THE THING. Science fiction horror masterpiece
…, who didn’t like the “superficial characterization” and “improbable behavior of scientists.” Everything indicates that Ebert made a cardinal mistake and confused a B-class movie with a documentary. Fans of Carpenter don’t need convincing about how absurd it is to delve into the psychological motives of researchers attacked by a rubber alien, which, for 1982, looks impressive but decidedly uglier than H.R. Giger’s sleek, phallic Alien. You just have to let yourself be carried away.
The plot of The Thing is more widely known than anything else, but for a refresh – a twelve-person American expedition leads a dull life in Antarctica when one day a Norwegian team arrives, shooting blindly at a seemingly innocent dog. Every black metal fan knows that there’s no joking with enraged Norwegians, and besides, a righteous American must always stand up for an animal, so without unnecessary questions, the unexpected guest is neutralized. However, it quickly turns out that “man’s best friend” wants to be a bit too friendly… The only one who can stop the veterinary nightmare is Kurt Russell, looking like he just finished drinking coffee at Starbucks.
A handful of actors and only a few locations are tools creating perfect conditions for paranoia to flourish. After a few minutes, everyone starts accusing each other, and fear of extraterrestrial forces combines with fear of former companions. Scenes of arguments and exchanging suspicions build tension that clearly affects the viewer’s nervous system. The revelation of The Thing – though often as terrifying as in Alien – brings temporary relief. Here, we have a situation quite different from most horror films. The norm is to calm the mood so that each display of violence seems even more intense. In The Thing, dismemberment, burning, and blowing up for a few minutes clear the atmosphere, allowing you to catch your breath. Carpenter did not reveal the epilogue of the story, and the open ending is the best possible solution – thanks to it, we have no choice but to swallow the accumulating fear for almost two hours instead of getting rid of it right after the end credits. Rewinding the tape and putting it back in the box is not the end; The Thing remains in thoughts for a long time. It’s a pity that Carpenter has not directed an equally solid film for over twenty years, but maybe it’s a good thing that he gave up after the disastrous Ghosts of Mars and is now known primarily as a musician.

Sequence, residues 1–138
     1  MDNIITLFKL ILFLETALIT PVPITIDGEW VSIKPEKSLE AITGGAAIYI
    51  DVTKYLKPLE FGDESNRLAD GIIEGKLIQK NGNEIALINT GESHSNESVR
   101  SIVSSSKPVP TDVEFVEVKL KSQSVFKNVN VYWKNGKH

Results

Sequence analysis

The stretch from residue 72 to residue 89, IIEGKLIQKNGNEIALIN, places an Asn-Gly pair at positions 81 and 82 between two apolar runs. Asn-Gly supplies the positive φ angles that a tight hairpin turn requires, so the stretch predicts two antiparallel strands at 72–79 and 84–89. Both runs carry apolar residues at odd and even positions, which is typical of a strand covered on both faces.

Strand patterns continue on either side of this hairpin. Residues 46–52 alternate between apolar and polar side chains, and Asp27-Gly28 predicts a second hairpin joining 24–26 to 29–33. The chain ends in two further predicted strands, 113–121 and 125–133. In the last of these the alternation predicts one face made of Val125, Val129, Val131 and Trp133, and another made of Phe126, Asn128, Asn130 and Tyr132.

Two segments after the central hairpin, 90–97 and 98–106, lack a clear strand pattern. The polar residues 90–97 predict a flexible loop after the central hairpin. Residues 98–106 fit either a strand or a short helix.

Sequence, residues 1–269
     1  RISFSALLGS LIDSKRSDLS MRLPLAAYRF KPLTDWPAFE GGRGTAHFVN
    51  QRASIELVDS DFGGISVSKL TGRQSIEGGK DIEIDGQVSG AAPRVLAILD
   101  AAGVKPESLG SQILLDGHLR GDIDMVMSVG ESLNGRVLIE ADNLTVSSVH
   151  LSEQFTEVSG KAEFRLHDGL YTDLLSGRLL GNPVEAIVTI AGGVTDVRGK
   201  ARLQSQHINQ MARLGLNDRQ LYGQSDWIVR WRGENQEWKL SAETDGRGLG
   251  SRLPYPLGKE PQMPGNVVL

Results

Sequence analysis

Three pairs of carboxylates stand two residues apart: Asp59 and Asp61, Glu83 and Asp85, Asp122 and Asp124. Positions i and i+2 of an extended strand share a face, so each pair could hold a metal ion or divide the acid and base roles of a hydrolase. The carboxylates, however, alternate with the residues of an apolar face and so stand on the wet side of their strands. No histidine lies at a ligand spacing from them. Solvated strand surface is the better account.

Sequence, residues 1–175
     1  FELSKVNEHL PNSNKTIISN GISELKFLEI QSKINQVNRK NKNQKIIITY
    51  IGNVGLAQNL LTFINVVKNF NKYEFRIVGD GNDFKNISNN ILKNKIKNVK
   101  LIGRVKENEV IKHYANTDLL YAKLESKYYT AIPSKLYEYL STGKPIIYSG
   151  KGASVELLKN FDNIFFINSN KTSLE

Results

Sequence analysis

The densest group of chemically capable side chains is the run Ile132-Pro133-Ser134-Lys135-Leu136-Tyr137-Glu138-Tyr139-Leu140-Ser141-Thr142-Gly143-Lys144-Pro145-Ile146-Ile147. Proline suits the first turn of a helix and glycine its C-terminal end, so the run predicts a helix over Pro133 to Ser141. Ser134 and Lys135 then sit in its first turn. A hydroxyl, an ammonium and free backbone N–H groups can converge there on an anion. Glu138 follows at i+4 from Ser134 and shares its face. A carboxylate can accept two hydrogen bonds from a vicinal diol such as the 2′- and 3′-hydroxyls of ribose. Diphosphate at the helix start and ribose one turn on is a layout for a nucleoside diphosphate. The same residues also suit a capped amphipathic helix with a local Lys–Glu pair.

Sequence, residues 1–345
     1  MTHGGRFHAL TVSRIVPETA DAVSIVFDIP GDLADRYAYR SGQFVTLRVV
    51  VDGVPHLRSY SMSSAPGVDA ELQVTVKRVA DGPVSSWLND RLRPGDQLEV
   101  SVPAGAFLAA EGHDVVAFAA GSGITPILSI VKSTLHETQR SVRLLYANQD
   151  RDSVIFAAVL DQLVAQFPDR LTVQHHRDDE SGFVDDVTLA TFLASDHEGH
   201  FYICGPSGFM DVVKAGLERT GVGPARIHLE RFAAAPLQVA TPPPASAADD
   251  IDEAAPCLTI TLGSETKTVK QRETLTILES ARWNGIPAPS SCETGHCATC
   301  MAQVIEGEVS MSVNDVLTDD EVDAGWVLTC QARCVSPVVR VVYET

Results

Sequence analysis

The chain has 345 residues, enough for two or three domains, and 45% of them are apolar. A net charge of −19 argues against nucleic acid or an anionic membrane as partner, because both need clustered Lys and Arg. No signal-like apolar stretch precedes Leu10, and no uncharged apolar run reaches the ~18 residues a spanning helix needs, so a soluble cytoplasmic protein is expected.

Shortly after the premiere, The Thing, Vincent Canby was outraged in The New York Times: “It’s entertaining only when someone’s needs are satisfied by such sights as a head walking on spider legs; autopsies of dogs and humans, during which the insides explode, assuming other, not easily identifiable shapes; cutting off hands; burning; tentacles resembling worms coming out of a severed head; two or more burned bodies joined together to resemble ribs coated in barbecue sauce.” Well… For me, a better recommendation is not needed.